New Major League Baseball commissioner Rob Manfred took a similar route to his predecessors and refused to lift the ban against Pete Rose.
The all-time hits leader in Major League Baseball will once again remain on the outside looking in at Cooperstown, as MLB commissioner Rob Manfred has opted not to reinstate Pete Rose from the Permanently Ineligble list.
According to Michael S. Schmidt of the New York Times, who cited three sources close to the commissioner’s office, Manfred reviewed all of the circumstances around Rose’s banishment from the game but did not see sufficient reason to reinstate Rose at this time. In doing so, Rose will remain ineligible from coaching or working in Major League Baseball. Most importantly, he will not be allowed to be inducted into the Baseball Hall of Fame.
The battle was always going to be an uphill fight for Pete Rose, who was added to baseball’s Permanently Ineligible list in August of 1989. Then commissioner Bart Giamatti deemed that there was sufficient evidence to determine that Rose had bet on the game of baseball, including on this own team, while playing and managing for the Cincinnati Reds. Rose voluntarily accepted the banishment at the time, feeling that he could apply for reinstatement within a year.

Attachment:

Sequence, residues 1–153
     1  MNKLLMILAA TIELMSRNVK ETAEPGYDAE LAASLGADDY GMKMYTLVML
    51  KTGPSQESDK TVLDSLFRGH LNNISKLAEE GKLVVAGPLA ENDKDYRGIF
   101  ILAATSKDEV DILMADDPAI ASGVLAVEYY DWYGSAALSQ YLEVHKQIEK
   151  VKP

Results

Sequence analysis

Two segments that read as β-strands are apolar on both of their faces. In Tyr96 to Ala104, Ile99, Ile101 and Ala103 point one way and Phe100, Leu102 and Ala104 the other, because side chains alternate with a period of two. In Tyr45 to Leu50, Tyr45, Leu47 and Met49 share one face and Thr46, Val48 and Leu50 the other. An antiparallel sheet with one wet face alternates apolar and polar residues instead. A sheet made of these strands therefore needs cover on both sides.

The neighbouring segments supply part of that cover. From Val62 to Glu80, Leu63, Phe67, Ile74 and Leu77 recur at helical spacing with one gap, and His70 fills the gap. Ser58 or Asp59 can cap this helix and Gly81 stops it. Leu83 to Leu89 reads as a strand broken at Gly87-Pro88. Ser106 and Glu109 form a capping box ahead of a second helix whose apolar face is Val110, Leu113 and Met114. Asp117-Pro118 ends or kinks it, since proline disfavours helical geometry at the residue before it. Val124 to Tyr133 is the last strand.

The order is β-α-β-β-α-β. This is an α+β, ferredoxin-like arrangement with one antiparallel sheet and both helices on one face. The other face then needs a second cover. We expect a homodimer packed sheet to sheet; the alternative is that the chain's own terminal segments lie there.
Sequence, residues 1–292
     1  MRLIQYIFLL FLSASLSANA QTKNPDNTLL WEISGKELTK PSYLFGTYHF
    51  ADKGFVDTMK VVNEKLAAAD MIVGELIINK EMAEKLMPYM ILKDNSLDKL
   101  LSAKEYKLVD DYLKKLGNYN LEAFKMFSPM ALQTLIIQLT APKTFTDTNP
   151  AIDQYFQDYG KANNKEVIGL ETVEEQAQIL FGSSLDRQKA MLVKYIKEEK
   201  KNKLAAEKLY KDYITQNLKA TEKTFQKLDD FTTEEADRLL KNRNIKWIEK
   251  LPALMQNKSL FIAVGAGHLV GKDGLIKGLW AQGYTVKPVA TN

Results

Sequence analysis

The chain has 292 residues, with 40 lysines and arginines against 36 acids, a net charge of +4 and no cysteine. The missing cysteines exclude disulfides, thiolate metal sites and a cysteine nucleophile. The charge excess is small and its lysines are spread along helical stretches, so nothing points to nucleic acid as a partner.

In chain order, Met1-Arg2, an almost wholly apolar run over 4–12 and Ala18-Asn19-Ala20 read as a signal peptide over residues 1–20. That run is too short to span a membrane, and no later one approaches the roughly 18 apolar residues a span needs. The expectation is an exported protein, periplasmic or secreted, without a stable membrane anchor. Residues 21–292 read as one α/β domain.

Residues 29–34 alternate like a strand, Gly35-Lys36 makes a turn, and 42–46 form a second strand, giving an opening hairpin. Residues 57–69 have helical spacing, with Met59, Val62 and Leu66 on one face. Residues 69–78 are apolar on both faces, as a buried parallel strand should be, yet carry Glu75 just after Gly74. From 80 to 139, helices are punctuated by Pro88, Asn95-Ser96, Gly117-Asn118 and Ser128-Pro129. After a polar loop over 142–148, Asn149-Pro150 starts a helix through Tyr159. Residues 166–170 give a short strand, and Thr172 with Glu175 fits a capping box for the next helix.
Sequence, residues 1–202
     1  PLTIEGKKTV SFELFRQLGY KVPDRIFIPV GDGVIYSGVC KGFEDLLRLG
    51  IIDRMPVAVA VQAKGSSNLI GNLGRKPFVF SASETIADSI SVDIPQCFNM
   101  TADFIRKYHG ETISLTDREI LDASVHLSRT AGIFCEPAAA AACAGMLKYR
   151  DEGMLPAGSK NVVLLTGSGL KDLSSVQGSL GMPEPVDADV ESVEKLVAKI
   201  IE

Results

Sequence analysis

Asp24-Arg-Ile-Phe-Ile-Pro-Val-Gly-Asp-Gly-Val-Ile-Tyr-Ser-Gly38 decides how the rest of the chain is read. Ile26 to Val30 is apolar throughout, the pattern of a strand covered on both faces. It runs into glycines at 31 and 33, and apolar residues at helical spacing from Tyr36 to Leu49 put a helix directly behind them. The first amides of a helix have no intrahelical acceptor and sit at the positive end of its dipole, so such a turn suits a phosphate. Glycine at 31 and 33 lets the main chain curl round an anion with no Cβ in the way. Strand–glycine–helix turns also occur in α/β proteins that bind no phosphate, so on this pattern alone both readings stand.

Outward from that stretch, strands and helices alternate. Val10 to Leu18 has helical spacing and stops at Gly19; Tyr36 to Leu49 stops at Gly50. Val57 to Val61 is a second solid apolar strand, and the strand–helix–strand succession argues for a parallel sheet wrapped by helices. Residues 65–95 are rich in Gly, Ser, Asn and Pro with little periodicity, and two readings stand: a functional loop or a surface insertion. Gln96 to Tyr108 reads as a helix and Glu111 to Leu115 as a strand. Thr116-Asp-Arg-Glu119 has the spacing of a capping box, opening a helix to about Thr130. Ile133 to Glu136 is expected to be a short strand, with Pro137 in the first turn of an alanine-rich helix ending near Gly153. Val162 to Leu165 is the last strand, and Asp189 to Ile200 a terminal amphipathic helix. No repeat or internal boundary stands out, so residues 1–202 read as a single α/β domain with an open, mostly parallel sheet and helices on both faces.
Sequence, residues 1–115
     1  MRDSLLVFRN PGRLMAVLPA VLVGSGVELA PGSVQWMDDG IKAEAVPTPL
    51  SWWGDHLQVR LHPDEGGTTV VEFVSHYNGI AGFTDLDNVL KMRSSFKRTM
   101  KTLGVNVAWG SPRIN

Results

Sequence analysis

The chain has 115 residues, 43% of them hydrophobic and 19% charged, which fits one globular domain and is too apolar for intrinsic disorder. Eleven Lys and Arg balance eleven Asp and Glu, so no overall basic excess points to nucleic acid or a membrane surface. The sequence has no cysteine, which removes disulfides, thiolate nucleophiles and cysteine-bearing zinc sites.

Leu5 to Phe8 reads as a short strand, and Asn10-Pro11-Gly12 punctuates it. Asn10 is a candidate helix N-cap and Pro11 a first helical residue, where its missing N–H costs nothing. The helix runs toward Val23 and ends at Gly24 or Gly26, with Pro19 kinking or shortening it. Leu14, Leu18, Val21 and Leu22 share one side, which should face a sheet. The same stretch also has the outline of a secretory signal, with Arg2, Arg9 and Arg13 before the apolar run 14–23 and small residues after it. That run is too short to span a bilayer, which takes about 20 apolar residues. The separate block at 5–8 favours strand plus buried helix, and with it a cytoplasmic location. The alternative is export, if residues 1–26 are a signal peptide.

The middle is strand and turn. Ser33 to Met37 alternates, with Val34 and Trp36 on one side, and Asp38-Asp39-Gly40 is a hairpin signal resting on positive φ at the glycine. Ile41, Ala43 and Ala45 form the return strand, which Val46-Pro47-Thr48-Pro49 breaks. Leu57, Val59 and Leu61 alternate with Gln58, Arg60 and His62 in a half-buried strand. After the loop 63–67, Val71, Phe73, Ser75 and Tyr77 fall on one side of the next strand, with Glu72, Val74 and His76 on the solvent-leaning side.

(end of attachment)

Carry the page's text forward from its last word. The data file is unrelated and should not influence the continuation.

Reinstatement has remained an ongoing battle for Rose, as he’s applied and been declined by Giamatti’s successor Fay Vincent, Bud Selig, and finally Manfred. At one point in 2015, it appeared as though reinstatement was a distinct possibility, as Rose was allowed to attend the Cincinnati Reds’ pre-game celebrations during the 2015 All-Star Game. He also served as an analyst for Fox Sports throughout the course of the year.
Unfortunately, every time Rose applies for reinstatement, he is met with more news of his actions that further complicate his efforts. It happened once again this past summer, when ESPN reported that evidence existed of Rose gambling not just on baseball, but also the Reds in games where he could ultimately affect the outcome.
For baseball’s all-time leader in hits, that likely ends his bid for the Hall of Fame during his lifetime. While that might be a blow to the game itself, one could hardly fault the league for wanting to maintain the integrity of the game.
Records or not, no one player is bigger than the game.